* 2001: "OnStar" commercials featuring Bruce Thomas as Batman, Michael Gough as Alfred and followed the visual style of the 1989-1997 film series.
    * 2002: Birds of Prey, TV series that featured Batman in the first episode, played by Bruce Thomas.


    * 1968 - *1969: The Batman/Superman Hour by Filmation
    * 1969: Batman with Robin the Boy Wonder by Filmation, repackaged from previous show.
    * 1972: The New Scooby-Doo Movies produced by Hanna-Barbera - Batman and Robin appeared in episodes "The Dynamic Scooby-Doo Affair" (9/16/72) and "The Caped Crusader Caper" (12/16/72).
    * 1973 - 1985: Various Super Friends series produced by Hanna-Barbera.
          o 1973: Super Friends
          o 1977: The All-New Super Friends Hour
          o 1978: Challenge Of The SuperFriends
          o 1979: The World's Greatest Super Friends
          o 1984: Super Friends: The Legendary Super Powers Show
          o 1985: The Super Powers Team: Galactic Guardians
    * 1977: The New Adventures Of Batman by Filmation
    * 1992 - 1995: Batman: The Animated Series / The Adventures of Batman & Robin by Warner Bros.
    * 1997 - 1999: The New Batman Adventures by Warner Bros.
    * 1999 - 2001: Batman Beyond, by Warner Bros. Known as Batman of the Future in Europe and Latin America.
    * 2001 - 2006: Justice League / Justice League Unlimited by Warner Bros.
    * 2004 - (present): The Batman by Warner Bros.

He also appeared in episodes of Superman: The Animated Series: World's Finest, Knight Time and The Demon Reborn, although in Knight Time he appeared as Bruce Wayne. Since 1997, Warner Bros. has released the entire run of Batman: The Animated Series on video (both VHS, DVD) where Kevin Conroy voices of Batman. There are four volumes total, covering both Batman: The Animated Series and Batman: Gotham Knights (Also known as "The New Batman Adventures"). Three volumes complete the Superman animated series, and both seasons of Justice League have been released as well.


From 1943 to 1946, Batman and Robin appeared in a syndicated daily newspaper comic strip produced by the McClure Syndicate. Other versions appeared in 1953, 1966, and 1989. The original run is collected in the book Batman: The Dailies. One more comic strip series ran briefly after the success of the 1989 film.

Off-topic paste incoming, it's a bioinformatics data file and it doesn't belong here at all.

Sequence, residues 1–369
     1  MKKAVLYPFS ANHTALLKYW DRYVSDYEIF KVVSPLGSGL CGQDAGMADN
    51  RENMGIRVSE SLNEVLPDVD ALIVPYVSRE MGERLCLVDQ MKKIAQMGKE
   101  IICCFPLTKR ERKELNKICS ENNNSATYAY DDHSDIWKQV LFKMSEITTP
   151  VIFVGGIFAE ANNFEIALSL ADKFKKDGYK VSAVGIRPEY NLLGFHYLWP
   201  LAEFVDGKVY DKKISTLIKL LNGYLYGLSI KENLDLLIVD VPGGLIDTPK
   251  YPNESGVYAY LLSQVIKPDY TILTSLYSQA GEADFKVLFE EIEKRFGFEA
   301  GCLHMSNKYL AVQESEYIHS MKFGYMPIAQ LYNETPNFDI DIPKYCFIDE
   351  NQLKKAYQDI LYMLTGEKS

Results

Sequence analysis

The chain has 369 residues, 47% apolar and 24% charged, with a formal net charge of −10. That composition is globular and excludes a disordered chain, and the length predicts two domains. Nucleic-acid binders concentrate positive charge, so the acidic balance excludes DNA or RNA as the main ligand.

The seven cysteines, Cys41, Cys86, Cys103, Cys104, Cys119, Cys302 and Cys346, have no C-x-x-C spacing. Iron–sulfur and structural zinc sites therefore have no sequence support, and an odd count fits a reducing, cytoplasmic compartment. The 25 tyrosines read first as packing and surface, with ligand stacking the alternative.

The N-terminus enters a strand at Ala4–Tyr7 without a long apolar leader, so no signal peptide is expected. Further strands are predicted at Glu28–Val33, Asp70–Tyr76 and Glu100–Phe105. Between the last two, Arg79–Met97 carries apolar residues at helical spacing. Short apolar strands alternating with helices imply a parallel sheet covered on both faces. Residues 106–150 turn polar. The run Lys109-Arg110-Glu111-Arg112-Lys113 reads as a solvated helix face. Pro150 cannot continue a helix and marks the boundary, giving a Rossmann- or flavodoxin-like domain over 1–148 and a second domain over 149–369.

Batman is also slated to appear in a novel by cyberpunk/horror novelist John Shirley, entitled Batman: Dead White from Del Rey books. Many other novels and short story collections featuring Batman have been published over the years, including novelizations of each of the recent movies and several of the more popular comic book arcs. There are also several more scholarly works, aimed at either Batman's history or art, such as Les Daniels' Batman: The Complete History and compilations such as Batman: Cover to Cover : The Greatest Comic Book Covers of the Dark Knight. In 2004 The Batman Handbook: The Ultimate Training Manual, written by Scott Beatty was published by Quirk Books (ISBN 1-59474-023-2). Written in the same style as The Worst-Case Scenario Survival Handbook series, the book explained the basics on how to be Batman. Amongst the skills included in the book are "How to Train a Sidekick", "How to Execute a Backflip", "How to Throw a Grappling Hook" and "How to Survive a Poison Gas Attack". Finally, there are of course countless sticker, coloring, activity, and other children's books [1] featuring the Dark Knight.


Beginning in March 1945, Batman and Robin made regular appearances on the The Adventures of Superman radio drama on the Mutual Broadcasting System. Efforts were made to launch a Batman radio series in 1943 and again in 1950, but neither came to fruition.

 Musical theatre